The University of Toronto’s Student Newspaper Since 1880

Share on facebook
Share on twitter
Share on email

Opinion: Facebook’s metaverse is just a desperate PR attempt

Facebook’s name change is a hopeless media ploy, not a genuine act of innovation
Share on facebook
Share on twitter
Share on email
ELHAM NUMAN/THE VARSITY
ELHAM NUMAN/THE VARSITY

Ever since Mark Zuckerberg first launched Facebook from his dorm room at Harvard University, the website has been the site of multiple ethical and privacy scandals. In October, Facebook once again found itself under fire after a massive leak of internal documents. Its apparent solution: rebrand to Meta and start fresh.

But why now, amid the chaos? According to Facebook, the name change purely symbolizes its optimism for the future of technology. However, from the outside looking in, the name change seems like Facebook’s way of shaking off months of negative press. After all, other companies have rebranded and thrived under new names, including Nissan, which used to be Datsun, and LG Electronics, which was previously Lucky-Goldstar Group. 

However, unlike Nissan and LG, Facebook’s rebrand will ultimately be unsuccessful because it is taking place during a major scandal. Over many years of corporate greed and poor leadership, Facebook has fostered a toxic and dishonest brand. As such, the company has found it harder to attract and retain talented employees, maintain partnerships, and keep advertising steady. Thus, a name change will do nothing to heal years of lies; people will continue to remember Facebook as a power-hungry, democracy-threatening corporation. 

So, why bother changing names at all?

In a keynote presentation last October, Zuckerberg announced that the name Meta represents the ‘metaverse’ that Facebook intends on creating. His metaverse would be a virtual reality world where users would be able to virtually play games, attend meetings, shop for art, hang out with others, or do pretty much anything else that could be done in the real world. Although it’s clearly ambitious, hints of a virtual world have always existed, at least in the forms of video games like Second Life, Roblox, or Fortnite. Zuckerberg believes that a metaverse will be the successor to the mobile internet and is willing to stake Facebook’s future on this bet.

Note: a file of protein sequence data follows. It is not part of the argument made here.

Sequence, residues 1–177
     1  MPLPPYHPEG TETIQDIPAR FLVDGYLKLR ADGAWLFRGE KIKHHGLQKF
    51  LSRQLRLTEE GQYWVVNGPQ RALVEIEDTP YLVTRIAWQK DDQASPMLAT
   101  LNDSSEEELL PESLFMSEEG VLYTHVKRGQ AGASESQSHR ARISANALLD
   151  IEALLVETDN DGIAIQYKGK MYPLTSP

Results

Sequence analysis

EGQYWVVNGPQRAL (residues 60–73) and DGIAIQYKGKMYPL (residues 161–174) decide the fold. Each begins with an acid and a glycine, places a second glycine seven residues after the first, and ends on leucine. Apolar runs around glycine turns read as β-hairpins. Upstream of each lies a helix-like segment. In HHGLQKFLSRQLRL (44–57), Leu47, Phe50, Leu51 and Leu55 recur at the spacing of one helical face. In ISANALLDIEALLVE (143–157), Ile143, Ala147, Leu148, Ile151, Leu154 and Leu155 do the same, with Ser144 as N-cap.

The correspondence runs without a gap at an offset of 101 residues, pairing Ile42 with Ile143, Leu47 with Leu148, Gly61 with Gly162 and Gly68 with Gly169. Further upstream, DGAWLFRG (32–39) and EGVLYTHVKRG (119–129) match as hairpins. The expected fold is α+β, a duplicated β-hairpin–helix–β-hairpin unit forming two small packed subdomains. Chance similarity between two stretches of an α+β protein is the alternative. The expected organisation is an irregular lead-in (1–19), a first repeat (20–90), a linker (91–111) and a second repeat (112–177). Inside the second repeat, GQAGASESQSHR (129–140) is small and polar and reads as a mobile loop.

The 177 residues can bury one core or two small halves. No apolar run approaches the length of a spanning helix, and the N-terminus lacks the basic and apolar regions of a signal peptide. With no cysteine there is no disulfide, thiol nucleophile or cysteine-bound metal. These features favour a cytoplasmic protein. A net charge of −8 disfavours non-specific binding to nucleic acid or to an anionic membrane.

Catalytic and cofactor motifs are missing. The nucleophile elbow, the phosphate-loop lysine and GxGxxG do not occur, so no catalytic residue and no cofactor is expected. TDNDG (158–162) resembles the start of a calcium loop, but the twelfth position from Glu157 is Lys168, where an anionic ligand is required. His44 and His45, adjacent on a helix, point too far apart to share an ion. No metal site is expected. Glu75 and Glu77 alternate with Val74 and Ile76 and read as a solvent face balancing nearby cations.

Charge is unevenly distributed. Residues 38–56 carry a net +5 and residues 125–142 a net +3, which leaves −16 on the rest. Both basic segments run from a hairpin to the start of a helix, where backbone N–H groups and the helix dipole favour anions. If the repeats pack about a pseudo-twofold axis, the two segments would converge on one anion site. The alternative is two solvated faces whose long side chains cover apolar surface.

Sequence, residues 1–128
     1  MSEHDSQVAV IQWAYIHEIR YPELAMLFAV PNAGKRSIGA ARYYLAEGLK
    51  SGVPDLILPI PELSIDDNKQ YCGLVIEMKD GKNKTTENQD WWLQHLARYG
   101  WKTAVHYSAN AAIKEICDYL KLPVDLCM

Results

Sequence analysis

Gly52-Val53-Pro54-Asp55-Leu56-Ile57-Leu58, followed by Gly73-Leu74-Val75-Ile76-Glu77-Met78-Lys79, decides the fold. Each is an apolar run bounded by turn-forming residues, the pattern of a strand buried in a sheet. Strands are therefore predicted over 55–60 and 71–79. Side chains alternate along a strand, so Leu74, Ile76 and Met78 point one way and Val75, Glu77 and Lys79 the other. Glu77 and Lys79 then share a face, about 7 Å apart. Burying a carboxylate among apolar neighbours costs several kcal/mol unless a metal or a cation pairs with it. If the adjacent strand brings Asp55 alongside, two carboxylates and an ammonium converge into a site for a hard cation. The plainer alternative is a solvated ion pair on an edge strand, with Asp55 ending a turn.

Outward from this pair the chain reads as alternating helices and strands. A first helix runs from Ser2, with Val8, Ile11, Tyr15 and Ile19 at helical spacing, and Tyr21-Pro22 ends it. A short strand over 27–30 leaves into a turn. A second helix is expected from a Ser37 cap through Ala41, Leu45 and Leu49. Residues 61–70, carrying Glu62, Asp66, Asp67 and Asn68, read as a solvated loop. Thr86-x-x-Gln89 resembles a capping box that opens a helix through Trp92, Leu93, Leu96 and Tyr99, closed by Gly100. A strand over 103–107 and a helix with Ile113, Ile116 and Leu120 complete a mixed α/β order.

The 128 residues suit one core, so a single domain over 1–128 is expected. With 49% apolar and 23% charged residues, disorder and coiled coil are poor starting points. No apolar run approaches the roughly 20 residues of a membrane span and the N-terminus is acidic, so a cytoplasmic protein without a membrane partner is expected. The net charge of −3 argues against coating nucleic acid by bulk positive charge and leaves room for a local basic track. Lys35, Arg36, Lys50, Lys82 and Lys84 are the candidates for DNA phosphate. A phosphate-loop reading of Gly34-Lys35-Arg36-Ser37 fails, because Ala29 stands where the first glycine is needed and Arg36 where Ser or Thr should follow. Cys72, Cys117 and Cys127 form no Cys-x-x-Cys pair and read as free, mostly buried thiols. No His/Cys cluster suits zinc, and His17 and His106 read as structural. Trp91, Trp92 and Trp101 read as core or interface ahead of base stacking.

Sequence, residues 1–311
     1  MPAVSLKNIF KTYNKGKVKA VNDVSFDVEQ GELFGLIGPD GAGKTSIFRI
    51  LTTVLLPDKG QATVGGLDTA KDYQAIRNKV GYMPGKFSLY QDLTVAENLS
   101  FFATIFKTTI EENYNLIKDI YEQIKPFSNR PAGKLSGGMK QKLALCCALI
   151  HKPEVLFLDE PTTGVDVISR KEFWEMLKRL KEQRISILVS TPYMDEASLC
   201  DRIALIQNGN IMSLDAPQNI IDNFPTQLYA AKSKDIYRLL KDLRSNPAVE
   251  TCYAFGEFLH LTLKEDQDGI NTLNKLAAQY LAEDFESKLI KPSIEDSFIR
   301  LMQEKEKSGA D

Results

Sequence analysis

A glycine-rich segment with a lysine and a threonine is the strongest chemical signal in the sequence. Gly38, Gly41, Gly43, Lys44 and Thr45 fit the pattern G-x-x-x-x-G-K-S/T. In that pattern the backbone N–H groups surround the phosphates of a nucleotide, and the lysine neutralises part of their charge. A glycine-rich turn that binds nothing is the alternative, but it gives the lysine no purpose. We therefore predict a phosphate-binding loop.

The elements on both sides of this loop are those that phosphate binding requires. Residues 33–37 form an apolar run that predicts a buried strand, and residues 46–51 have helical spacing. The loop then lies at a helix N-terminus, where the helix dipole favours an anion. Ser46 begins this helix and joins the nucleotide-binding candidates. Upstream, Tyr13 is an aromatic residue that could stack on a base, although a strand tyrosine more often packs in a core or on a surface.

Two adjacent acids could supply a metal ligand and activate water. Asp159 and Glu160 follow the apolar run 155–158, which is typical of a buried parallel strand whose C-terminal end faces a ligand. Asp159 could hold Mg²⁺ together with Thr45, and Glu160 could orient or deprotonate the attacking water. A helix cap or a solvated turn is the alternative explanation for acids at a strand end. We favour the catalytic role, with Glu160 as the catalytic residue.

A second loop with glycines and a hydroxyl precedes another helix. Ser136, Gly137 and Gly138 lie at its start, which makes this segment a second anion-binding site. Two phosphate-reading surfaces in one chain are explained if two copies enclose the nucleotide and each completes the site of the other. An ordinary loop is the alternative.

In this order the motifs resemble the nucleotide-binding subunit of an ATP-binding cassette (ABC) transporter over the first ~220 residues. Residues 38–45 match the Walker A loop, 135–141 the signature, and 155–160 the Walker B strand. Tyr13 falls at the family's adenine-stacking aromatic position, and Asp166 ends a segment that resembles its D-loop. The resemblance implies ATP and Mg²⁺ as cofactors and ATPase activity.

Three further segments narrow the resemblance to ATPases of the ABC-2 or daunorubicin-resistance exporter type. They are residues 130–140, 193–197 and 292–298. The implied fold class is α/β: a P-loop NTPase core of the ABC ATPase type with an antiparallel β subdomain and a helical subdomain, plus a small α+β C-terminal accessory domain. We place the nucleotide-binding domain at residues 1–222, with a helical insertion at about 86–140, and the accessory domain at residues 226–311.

Admittedly, Facebook’s metaverse would solve some of its major problems. A metaverse would address its aging user population. Despite the fact that the majority of Facebook users are aged 25–34, there is a strong skew in its userbase toward the older generations. Compared to a social networking competitor like TikTok, Facebook caters to a significantly older population. Although it started as a college-exclusive social networking platform, its student population is slowly diminishing. Thus, new technology and innovations can help recapture younger generations.

A metaverse would also set Facebook free from its competitors and new tech regulations. Currently, Facebook’s success is highly dependent on other corporations, since Apple and Google generally hold more power in app disputes. Similarly, as policymakers become increasingly aware of the dangers of tech, new Federal Trade Commission (FTC) regulations now prohibit many of Facebook’s financial strategies. Facebook hopes to find new freedom in an unknown and unregulated territory to escape rules imposed by competitors and policymakers.

However, while the metaverse can fix many things, Facebook must do more to fix its reputation after multiple scandals. Over the past five years, Facebook has been accused of influencing election results in the Philippines, and the US, and well as the Brexit vote in the UK. Furthermore, in the Cambridge Analytica scandal, Facebook gathered data on over 87 million users without their consent. 

Other reports found Facebook guilty of making agreements with device makers to share personal data with them. Users’ information and privacy are put at risk, which unnecessarily puts them in harm’s way. This is especially relevant for high school and college students who frequently post online. 

In 2019, Facebook was found circulating an illegal app on the Apple and Google Play stores. This app allowed Facebook to use VPNs to track users’ usage and web surfing habits in exchange for $20 a month. More recently, Frances Haugen, a former employee, leaked internal documents exposing that Facebook knew of Instagram’s harmful effects on body image issues among teenagers. Facebook’s remodel does nothing to address these issues — rather it hopes to simply sweep them under the rug.

Facebook has never been ethical. Its very inspiration was based on a sexist website that hosted a “hot or not” game, where students would compare the photos of two female students and decide who was more attractive. After immense student backlash, Zuckerberg was charged with breach of security, copyright violation, and violations of individual privacy. Looking back at recent Facebook headlines, it is clear that nothing has changed. Zuckerberg continues to ignore individual privacy and security in favour of profit.

While there is certainly no denying the innovation behind a Facebook metaverse, the remodel does not solve cultural problems within its existing product. Neither a new name or new platform addresses its magnitude of scandals. As one commenter so delicately put it: “Zuckerberg is trying to put lipstick on a pig.” Facebook will continue to operate as a data-stealing monopoly, and a virtual reality world will make this all the easier.

Facebook must be held accountable for its past scandals and infringements, regardless of the name it chooses to operate under.

Vincent Zhang is a second-year financial economics student at Innis College.